— MidEastAnthro (@mes_aaa) May 14, 2021
We stand in solidarity with the Palestinian people against ongoing settler colonialism and condemn Zionist violence against them, including forced evictions and retaliatory violence by Israeli state forces against Palestinians in the Occupied West Bank, East Jerusalem, Gaza, and within the state of Israel. We condemn the recent forced evictions of Palestinian families in the Sheikh Jarrah neighborhood of East Jerusalem–part of a now decades long campaign of ethnic cleansing of Jerusalem–and Israeli violence perpetrated against families trying to defend their homes.
In October 2014, nearly 1200 anthropologists signed “Anthropologists for the Boycott of Israeli Academic Institutions” to support the global campaign for Boycott, Divestment and Sanctions. On November 20, 2015, a resolution to boycott Israeli academic institutions was endorsed by a vote of 1040-136 at the American Anthropological Association business meeting. It was subsequently forwarded to the full membership for an electronic ballot and narrowly missed adoption by a razor-thin margin of 39 votes (2,423 for and 2,384 against)….
Weeks of protests in Jerusalem, where Palestinians are resisting an effort by Israeli settlers to force them from their homes, and challenging Israeli police restrictions on their freedom to worship at Al Aqsa Mosque, spiraled into armed conflict on Monday, as Israeli airstrikes on Gaza killed 24 Palestinians, nine of them children, health officials said, after Hamas militants fired a barrage of rockets into Israel.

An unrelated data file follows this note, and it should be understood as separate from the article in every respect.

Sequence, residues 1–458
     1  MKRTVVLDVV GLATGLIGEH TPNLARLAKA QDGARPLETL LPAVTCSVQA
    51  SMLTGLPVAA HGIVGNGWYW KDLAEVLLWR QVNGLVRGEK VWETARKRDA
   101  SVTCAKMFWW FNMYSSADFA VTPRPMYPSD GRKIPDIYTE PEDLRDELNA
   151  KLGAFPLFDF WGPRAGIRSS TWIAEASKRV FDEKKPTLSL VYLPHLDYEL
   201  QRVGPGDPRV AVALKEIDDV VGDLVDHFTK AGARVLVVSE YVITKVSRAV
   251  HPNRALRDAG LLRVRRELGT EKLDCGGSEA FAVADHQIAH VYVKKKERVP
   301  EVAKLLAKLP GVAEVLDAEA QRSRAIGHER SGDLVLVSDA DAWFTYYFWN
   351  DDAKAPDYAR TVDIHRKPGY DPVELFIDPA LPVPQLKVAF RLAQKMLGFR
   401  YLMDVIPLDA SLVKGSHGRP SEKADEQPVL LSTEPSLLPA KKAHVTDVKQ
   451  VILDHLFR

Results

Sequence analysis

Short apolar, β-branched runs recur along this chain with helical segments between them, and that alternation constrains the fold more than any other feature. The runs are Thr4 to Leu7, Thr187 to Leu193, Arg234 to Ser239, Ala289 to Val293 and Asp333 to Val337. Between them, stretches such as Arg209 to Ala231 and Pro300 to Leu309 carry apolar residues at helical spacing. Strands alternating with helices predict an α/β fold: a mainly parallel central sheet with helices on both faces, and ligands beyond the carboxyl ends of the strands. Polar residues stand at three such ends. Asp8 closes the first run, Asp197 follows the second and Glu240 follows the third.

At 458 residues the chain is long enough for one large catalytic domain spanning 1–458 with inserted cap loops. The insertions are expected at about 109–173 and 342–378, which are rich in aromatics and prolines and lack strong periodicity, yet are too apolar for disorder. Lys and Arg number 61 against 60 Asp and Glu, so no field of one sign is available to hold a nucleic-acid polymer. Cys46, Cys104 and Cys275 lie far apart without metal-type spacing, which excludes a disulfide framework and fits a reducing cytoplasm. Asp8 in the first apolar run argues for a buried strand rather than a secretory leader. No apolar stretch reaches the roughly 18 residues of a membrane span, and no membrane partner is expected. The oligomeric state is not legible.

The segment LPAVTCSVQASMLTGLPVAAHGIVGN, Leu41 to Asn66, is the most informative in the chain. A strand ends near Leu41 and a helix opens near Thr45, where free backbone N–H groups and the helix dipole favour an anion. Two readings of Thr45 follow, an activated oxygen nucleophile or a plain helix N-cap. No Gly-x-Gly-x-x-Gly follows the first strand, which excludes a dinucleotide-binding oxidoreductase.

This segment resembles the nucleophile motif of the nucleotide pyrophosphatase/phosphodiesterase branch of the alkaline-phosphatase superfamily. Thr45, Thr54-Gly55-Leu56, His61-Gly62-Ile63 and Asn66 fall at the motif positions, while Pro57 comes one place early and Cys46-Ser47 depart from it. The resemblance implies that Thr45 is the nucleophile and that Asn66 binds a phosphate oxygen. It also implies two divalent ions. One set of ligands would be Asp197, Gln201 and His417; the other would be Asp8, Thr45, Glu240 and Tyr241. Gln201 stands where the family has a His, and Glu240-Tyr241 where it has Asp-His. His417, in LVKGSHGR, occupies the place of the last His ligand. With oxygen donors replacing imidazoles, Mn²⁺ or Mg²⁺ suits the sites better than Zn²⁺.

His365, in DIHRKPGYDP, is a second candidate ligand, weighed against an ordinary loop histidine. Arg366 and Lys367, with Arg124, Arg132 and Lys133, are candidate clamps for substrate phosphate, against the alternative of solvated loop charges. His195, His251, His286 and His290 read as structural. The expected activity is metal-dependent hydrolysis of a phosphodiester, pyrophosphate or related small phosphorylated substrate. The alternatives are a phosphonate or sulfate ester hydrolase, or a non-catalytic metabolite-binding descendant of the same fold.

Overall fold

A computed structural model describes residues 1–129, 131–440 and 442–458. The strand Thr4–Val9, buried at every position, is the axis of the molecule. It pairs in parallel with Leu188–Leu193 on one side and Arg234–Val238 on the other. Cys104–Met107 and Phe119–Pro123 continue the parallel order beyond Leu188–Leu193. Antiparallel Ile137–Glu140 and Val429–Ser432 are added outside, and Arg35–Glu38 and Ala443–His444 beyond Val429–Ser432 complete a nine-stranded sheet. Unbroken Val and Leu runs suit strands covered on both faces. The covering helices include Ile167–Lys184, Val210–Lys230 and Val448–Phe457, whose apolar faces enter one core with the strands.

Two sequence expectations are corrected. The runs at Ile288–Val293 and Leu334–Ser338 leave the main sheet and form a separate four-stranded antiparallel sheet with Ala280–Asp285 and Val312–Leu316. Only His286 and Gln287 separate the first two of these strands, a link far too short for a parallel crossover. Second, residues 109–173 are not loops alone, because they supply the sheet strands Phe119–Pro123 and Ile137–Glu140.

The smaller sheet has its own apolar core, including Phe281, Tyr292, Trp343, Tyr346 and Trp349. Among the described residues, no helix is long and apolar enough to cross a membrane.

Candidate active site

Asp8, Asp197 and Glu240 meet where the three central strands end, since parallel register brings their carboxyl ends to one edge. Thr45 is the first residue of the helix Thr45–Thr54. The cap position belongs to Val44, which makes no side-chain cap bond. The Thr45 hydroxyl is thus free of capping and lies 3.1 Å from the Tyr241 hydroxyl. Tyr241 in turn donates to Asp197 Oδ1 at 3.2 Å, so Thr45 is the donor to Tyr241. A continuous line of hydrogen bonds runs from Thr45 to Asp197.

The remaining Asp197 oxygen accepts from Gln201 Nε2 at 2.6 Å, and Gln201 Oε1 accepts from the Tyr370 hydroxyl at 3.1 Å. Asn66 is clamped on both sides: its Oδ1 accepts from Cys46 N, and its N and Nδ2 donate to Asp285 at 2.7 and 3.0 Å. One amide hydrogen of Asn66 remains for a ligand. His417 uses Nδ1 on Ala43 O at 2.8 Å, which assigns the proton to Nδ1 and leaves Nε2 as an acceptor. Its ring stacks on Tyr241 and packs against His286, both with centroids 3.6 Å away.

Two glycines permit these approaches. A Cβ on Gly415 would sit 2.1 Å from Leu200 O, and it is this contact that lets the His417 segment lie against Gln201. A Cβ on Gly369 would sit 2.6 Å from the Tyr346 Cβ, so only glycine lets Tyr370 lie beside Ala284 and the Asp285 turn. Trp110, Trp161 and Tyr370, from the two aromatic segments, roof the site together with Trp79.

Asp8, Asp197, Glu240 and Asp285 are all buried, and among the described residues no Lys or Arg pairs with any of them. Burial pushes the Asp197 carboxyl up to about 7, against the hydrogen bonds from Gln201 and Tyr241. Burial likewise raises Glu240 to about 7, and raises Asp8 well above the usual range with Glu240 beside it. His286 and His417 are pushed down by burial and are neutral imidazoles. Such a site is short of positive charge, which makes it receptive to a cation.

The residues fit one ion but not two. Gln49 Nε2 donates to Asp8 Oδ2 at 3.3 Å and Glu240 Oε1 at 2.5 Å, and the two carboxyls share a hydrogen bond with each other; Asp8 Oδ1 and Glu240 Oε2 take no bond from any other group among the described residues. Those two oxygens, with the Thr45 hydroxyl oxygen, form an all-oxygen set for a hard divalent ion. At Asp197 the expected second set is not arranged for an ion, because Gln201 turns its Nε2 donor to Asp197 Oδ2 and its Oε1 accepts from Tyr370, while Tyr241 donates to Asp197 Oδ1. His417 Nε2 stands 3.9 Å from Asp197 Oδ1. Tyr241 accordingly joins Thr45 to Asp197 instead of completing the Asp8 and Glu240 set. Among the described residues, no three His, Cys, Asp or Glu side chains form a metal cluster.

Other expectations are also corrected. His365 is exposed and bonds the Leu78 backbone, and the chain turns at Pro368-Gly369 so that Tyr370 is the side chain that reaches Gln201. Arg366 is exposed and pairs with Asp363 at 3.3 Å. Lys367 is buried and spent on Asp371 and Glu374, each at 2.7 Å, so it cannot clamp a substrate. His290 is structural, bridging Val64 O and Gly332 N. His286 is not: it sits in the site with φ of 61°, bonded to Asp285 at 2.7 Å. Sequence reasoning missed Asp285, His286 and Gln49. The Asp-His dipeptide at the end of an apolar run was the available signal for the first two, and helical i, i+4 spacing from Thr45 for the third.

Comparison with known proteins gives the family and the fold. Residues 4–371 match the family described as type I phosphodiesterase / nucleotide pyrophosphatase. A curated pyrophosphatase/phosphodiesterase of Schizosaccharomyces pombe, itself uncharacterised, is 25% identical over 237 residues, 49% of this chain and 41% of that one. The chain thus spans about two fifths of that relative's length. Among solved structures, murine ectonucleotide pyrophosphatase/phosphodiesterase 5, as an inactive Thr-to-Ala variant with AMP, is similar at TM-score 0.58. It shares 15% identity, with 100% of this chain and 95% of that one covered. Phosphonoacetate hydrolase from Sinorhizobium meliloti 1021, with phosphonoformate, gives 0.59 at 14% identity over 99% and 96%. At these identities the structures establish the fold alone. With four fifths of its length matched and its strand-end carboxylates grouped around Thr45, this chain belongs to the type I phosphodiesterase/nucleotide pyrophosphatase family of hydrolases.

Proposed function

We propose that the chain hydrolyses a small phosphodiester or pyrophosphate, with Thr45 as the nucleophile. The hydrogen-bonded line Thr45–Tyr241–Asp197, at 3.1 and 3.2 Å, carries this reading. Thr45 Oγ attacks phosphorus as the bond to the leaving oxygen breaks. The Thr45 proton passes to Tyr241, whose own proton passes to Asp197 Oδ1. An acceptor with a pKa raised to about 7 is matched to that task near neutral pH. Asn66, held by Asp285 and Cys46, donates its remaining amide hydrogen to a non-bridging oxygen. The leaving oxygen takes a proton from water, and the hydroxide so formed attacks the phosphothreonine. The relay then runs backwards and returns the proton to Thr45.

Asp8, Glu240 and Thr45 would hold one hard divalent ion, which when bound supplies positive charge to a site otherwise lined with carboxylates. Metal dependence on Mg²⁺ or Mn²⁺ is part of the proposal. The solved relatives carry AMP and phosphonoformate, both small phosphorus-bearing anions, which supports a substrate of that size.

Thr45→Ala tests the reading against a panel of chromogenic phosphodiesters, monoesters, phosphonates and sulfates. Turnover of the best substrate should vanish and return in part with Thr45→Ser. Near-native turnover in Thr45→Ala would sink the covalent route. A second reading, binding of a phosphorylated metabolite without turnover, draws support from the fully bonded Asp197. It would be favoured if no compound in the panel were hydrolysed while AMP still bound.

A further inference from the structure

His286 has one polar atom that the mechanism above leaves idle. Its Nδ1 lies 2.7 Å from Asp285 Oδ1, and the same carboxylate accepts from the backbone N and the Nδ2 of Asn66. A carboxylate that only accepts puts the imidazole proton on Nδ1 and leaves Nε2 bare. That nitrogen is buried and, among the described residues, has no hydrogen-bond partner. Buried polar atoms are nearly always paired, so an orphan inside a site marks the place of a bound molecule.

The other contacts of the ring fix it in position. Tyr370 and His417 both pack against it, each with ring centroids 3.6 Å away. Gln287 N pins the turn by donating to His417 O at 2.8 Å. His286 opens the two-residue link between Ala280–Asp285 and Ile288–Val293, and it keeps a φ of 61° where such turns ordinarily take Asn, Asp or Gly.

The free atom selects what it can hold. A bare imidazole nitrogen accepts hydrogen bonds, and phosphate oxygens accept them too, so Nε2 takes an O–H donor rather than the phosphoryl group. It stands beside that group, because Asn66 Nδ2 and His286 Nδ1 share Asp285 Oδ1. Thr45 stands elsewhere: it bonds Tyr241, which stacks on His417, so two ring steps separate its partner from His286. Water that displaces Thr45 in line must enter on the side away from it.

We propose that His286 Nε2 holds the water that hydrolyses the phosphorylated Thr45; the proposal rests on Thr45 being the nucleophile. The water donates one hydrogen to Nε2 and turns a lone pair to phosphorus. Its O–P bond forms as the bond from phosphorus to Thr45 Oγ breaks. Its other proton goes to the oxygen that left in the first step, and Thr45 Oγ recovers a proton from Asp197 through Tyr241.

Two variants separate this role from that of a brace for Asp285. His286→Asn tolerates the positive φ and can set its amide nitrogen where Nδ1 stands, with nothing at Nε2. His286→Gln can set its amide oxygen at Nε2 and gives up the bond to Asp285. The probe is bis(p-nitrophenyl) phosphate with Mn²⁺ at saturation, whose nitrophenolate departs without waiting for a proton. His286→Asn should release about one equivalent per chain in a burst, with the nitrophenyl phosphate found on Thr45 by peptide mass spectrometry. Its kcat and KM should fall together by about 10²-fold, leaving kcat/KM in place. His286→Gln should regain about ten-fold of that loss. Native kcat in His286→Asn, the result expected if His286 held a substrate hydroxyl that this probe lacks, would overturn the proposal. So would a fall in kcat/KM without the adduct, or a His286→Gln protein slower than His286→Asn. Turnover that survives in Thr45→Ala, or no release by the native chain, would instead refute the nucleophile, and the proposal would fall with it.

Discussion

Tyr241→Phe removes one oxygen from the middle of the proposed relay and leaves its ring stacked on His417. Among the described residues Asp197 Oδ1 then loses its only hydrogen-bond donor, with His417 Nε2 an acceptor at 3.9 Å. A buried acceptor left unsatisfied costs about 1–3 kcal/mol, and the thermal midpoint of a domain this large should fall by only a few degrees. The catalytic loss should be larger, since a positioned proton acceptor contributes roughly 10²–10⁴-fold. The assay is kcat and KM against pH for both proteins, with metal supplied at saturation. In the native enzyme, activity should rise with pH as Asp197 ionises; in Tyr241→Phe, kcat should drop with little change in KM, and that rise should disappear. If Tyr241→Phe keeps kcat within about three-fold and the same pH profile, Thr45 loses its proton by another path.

The rockets fired from Gaza, seven of which reportedly reached the outskirts of Jerusalem but caused no serious casualties, came hours after Israeli police had entered the Aqsa mosque compound on Monday morning, firing stun grenades and rubber bullets at Palestinian protesters defending the site with rocks and fireworks.
On May 6, right-wing Israeli officials descended on Sheikh Jarrah, a neighborhood in occupied East Jerusalem, to show their support for the settler movement’s push to displace Palestinian residents and take their homes.
One of the officials was Aryeh King, a deputy mayor of Jerusalem and settler who lives in the Palestinian neighborhood of Ras al-Amud. In an exchange caught on camera, King mocked Palestinian activist Mohammed Abu Hummus for being shot by Israeli forces in his backside, and then, pointing at his head, said, “It’s a pity it didn’t go in here.” It was a wish for the death of a Palestinian.
Weeks after the University of Pennsylvania announced repatriation plans for a controversial collection of skulls, a separate set of human remains is bringing scrutiny. Princeton University is implicated.
Back in 1990, when I was in my third year of graduate school, then-President George H.W. Bush signed the Native American Graves Protection and Repatriation Act (NAGPRA) into law: an act under which federally recognized Native American tribes can formally request the repatriation of ancestors and their belongings, among other items, from museums and repositories.
I remember speaking with museum curators, directors, archaeologists, and biological anthropologists (all of whom happened to be non-Native, as was common at the time), many of whom thought NAGPRA would be the death knell for museums and collections-based scholarly research as we knew them. They thought tribes were going to be able to successfully claim almost everything, and there would be nothing left to study or display as a result.